In the past year, the Internet of Things played a starring role in at least one major Internet outage, where Dyn, a provider of DNS lookup services, was brought to its knees by an enormous, nearly 1Tbps denial-of-service attack that made use of hijacked IoT devices like web-connected cameras and DVRs.
Now the industry is striking back with new security guidelines — and those guidelines include email authentication.
The Online Trust Alliance just this week released an update of its IoT Trust Framework (.pdf), which provides a list of best practices and recommendations for manufacturers, buyers, and sellers of Internet-connected devices.
The recent attacks were a “shot across the bow,” said OTA president Craig Spiezle. The IoT industry needs to expect more attacks like this, and get ready.
Among the items that the OTA’s framework now considers mandatory: Email authentication. From the OTA’s framework:
31. End-user communications including but not limited to email and SMS, must adopt authentication protocols to help prevent spear phishing and spoofing. Domains should implement SPF, DKIM and DMARC, for all security and privacy related communications and notices as well as for parked domains and those that never send email.
32. For email communications within 180 days of publishing a DMARC policy, implement a reject or quarantine policy, directing ISPs and receiving networks to reject email which fails authentication verification checks.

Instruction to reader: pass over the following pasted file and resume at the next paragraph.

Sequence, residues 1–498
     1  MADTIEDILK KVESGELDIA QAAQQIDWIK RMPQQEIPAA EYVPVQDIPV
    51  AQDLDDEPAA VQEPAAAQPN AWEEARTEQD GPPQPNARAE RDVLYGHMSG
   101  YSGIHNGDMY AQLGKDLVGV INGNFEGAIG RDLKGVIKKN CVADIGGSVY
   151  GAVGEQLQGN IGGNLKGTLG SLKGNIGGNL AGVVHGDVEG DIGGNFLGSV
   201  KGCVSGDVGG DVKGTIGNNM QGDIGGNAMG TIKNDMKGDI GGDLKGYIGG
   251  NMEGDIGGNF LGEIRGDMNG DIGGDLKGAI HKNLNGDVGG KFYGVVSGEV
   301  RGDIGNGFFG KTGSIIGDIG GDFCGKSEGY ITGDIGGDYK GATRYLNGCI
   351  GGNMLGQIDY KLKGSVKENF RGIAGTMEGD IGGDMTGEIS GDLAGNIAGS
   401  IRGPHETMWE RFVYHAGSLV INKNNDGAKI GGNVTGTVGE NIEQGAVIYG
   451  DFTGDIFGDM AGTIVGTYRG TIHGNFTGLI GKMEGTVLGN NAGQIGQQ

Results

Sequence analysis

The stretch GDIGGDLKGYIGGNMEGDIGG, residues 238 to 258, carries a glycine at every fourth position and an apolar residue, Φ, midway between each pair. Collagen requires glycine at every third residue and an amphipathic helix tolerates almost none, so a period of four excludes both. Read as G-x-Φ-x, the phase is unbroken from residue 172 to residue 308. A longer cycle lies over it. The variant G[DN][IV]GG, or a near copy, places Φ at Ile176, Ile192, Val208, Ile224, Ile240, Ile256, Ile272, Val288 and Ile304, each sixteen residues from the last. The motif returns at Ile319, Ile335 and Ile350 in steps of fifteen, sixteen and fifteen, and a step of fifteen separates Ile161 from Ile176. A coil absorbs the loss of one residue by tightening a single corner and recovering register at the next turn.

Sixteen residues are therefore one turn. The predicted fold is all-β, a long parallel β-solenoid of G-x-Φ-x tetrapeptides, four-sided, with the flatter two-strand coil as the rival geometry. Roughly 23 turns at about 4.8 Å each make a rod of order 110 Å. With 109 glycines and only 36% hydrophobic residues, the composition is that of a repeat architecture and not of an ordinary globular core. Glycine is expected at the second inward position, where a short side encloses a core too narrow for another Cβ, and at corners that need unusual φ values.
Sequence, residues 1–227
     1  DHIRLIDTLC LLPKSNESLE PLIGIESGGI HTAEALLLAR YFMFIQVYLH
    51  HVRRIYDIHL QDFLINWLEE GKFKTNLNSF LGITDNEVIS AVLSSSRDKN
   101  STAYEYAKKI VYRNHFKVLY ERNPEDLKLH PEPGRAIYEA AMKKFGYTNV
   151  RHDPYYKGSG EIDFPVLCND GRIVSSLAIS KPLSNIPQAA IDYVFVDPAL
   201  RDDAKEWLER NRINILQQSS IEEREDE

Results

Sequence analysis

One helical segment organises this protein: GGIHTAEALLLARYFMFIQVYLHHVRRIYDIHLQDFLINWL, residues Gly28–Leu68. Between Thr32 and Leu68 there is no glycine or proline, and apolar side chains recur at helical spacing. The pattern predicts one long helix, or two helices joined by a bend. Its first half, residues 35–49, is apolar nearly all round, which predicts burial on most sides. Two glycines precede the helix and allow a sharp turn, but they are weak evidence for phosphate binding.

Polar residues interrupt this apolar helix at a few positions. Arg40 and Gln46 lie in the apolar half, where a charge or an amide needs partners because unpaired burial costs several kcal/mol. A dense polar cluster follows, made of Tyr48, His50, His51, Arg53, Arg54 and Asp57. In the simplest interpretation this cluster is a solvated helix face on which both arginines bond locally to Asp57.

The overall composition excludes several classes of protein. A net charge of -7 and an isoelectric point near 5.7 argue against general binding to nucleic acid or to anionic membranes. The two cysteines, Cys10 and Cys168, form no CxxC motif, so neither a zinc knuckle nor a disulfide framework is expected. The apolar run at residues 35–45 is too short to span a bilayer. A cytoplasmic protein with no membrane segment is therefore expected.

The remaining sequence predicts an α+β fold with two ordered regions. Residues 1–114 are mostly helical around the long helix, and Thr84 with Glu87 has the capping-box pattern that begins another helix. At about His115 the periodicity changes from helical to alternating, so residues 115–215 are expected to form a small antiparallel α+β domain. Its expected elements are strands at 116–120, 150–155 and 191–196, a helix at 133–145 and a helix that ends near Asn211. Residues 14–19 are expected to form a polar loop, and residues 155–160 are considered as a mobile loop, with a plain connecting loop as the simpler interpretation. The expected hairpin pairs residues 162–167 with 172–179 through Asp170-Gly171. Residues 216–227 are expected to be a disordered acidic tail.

The OTA considers item 31 mandatory for IoT security best practices, while 32 is merely a recommendation. Neither is brand-new this year, but the OTA did at the option of a DMARC “quarantine” policy in item 32.
Why DMARC is relevant to IoT
Any company that communicates with customers needs to know that its customers can trust the messages that it sends. This is especially true when the company’s products may be subject to hacks.
For one thing, phishing attacks are closely connected with IoT pharming. For instance, in one recent case hackers targeted subscribers of a Brazilian ISP with phishing emails that looked like they had come from the ISP itself. When customers clicked on links in these emails, it allowed the hackers to hack into their DSL modems.
Given the generally lax security in many IoT devices, phishing doesn’t appear to be the primary way that devices get infected with malware like the Mirai botnet that took down Dyn for a day: Simply scanning IP addresses and trying various devices’ default passwords seems to be pretty effective for now.
However, as IoT vendors and distributors (such as ISPs) increase the default security settings of their devices, phishing emails like the one in Brazil might quickly become more important.
It is also important for IoT makers to have an authenticated line of communication with customers so they can more effectively distribute software updates for their gadgets. And with security patches being likely, you want to ensure that only legitimate software updates get through.
In short, in order to safeguard their email identities and protect their customers from phishing, IoT vendors are going to need email authentication. That’s why the OTA’s inclusion of DMARC in its framework is an excellent step.